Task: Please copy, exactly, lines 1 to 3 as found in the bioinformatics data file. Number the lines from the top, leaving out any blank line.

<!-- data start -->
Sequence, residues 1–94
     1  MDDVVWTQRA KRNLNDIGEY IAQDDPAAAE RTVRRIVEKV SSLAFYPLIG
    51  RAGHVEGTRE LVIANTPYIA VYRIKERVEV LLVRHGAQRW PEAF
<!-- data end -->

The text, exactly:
Sequence, residues 1–94
     1  MDDVVWTQRA KRNLNDIGEY IAQDDPAAAE RTVRRIVEKV SSLAFYPLIG
    51  RAGHVEGTRE LVIANTPYIA VYRIKERVEV LLVRHGAQRW PEAF